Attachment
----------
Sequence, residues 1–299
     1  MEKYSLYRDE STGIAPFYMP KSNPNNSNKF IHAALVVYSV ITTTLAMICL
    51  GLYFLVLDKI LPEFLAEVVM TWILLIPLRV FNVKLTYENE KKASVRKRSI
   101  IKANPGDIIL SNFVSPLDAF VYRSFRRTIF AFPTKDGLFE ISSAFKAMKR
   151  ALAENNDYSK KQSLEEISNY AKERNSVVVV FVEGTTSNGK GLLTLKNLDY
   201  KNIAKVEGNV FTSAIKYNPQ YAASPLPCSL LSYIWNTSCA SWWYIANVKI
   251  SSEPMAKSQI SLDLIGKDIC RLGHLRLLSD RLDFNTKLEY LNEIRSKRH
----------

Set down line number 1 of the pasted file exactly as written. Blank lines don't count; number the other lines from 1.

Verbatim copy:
Sequence, residues 1–299